Apart from the fear of outsiders, Gülen uses hate speech against women, whom he sees as the cause of the fall of civilizations, to keep his followers under control.
"Women's sedition led many past nations to perish. Yes, many ancient communities and nations were devastated by women. Roman and Byzantine empires were brought down by lust and sensual emotions. So was my beautiful Andalusia... I think almost everyone who sees the embarrassing pictures of the baths of al-Hamra palace will accept it,” says Gülen in his book "Hesitations Brought by the Century," revealing his perspective on women.
He also separates women into three types: street woman, pleasure woman, house and servicewoman.
“The immodest street woman is like a fallen ore in the mud, the pleasure woman is like the illusionist demons, and the house and servicewoman is like the Paradise houris who breathe eternity, ” he says in his book "Measure or Lights on the Road."
Demir said, "For Gülen, women are nothing more than creatures that exist to serve men."
In his formation of a cult, Gülen also heavily uses the military rhetoric. For instance, most of the terms FETÖ uses within the cult are carry military connotations, such as the army of light, light cavalry and second generation of companions.
In Demir’s opinion, this rhetoric comes from Gülen’s admiration of the military itself. “In my opinion, since Gülen has been involved with the military juntas for most of his journey as a cult leader, he has admired them a lot. His books are filled with militarist admirations,” Demir said, adding that this admiration also led Gülen to establish a paramilitary entity from within his cult that is being revealed as the mysteries of the secretive cult being enlightened day by day.
“Another point is the fact that he sees coups as the only way to overturn the government in Turkey, rather than elections,” Demir further indicated, emphasizing that this way, Gülen presents himself not only as a messiah but also as a military commander.
Among the outsiders that Gülen sees as an enemy, there is one enemy specifically that constantly emerges in his books: the West. Gülen often uses extremely right-wing rhetoric to describe the west as the “devil front” that is cruel and should be fought against.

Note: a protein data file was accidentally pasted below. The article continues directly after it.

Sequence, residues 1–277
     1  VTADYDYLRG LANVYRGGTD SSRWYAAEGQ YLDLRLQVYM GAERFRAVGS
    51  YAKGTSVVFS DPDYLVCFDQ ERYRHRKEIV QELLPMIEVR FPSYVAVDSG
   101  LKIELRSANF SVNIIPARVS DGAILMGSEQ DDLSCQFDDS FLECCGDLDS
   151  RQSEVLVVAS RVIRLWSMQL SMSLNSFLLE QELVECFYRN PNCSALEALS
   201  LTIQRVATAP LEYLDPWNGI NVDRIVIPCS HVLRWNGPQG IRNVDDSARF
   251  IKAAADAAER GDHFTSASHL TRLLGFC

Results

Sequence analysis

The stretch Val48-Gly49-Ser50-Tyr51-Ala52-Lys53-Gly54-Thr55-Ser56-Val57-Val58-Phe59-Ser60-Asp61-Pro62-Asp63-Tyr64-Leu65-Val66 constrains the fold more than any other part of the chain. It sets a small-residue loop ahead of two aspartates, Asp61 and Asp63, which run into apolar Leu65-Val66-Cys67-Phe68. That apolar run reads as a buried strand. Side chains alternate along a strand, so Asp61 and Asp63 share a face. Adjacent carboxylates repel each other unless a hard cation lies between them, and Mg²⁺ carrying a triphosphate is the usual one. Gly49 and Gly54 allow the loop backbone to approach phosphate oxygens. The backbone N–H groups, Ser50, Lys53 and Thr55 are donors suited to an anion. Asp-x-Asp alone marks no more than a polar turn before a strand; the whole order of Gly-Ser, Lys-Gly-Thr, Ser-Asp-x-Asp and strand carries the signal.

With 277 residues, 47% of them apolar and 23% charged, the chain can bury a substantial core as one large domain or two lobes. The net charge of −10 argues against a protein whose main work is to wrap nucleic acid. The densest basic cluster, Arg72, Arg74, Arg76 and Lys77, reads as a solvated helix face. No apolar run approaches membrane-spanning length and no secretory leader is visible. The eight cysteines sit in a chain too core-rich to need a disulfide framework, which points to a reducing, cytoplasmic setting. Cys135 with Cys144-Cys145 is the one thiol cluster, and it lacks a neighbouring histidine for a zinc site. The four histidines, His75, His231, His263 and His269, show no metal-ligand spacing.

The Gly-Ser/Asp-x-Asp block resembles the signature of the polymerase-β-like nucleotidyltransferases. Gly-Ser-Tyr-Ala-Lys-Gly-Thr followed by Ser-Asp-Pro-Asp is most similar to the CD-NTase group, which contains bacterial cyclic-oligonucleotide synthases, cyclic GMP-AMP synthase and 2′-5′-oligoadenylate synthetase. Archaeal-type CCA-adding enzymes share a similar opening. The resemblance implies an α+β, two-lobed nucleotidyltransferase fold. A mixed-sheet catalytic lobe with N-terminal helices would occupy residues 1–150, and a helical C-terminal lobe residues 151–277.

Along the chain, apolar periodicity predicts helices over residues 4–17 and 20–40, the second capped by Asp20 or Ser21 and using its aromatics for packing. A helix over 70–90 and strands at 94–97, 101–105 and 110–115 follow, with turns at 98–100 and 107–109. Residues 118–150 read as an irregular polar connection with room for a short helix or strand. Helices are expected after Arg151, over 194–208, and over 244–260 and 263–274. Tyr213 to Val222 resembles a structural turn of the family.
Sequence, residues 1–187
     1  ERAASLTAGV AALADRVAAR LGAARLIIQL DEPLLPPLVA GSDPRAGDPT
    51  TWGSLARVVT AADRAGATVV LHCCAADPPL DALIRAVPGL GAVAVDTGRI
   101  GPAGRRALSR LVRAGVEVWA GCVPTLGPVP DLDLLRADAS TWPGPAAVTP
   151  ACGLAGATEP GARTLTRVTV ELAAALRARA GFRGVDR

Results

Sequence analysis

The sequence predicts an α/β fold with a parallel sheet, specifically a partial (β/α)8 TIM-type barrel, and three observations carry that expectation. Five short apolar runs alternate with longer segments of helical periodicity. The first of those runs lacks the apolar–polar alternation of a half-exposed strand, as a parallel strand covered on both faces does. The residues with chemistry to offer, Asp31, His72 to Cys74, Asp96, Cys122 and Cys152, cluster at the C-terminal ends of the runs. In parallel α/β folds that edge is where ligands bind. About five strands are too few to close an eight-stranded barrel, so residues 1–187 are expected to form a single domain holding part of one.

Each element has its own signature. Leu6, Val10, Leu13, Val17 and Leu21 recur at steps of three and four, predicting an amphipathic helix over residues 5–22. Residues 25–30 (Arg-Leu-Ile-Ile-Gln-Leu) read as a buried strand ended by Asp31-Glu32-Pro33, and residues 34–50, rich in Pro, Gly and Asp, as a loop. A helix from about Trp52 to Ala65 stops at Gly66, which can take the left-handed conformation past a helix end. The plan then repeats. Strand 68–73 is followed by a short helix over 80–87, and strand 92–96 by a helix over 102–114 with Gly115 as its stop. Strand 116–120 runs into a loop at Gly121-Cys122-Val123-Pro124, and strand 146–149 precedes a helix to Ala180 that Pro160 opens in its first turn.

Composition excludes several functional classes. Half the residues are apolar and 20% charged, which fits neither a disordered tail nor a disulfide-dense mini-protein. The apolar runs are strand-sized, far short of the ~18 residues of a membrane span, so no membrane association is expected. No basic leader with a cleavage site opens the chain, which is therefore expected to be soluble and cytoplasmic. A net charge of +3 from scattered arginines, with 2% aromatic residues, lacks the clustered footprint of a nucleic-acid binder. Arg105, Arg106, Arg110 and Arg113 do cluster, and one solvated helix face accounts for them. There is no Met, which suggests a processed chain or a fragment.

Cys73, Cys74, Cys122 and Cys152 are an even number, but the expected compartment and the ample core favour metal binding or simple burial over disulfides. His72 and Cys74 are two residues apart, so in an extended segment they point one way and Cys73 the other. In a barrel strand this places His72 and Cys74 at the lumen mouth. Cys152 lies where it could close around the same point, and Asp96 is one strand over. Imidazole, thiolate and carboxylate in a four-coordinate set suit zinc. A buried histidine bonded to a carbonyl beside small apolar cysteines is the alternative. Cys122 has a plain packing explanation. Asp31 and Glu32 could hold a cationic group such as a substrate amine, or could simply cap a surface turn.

However, it seems like this perception of his changed over time, more specifically since 1999 when he moved to the U.S. From that point on, the cult leader grasps a complex relationship with the West with a newly established aim of being friends with the West.
“Gülen reached such a point that the unification of the West and the East in faith and becoming a one-world state has become the whole purpose of his life,” Demir said.
In one of his quotes, Gülen explains his thoughts as follows: “It has been one of the greatest goals and ambitions of my life that East and West mingle in the real faith and reach the unity of destiny.”
Yet, he separates Jews from the West and sees them as the worst kind of outsiders as a society. According to Demir, there is no difference between Gülen's anti-Semitic discourses and the discourses used by groups like Daesh and al-Qaida.
“In Gülen’s opinion, Jews are representatives of an ontic evil,” Demir said, referring to one of Gülen's works where he predicts that the Jews will eventually share a similar faith with the Nazis.
Demir explains Gülen’s mentality as follows: “Gülen thinks that Islam, Christianity and Judaism will eventually be unified in his own being. That’s why he constantly refers to being a messiah. In his opinion, a messiah is not Jesus. He is someone who represents Jesus’ spiritual personality. Gülen envisions a religion under which all religions will be unified,” Demir underlined, adding that he is using Islam as only a tool for now.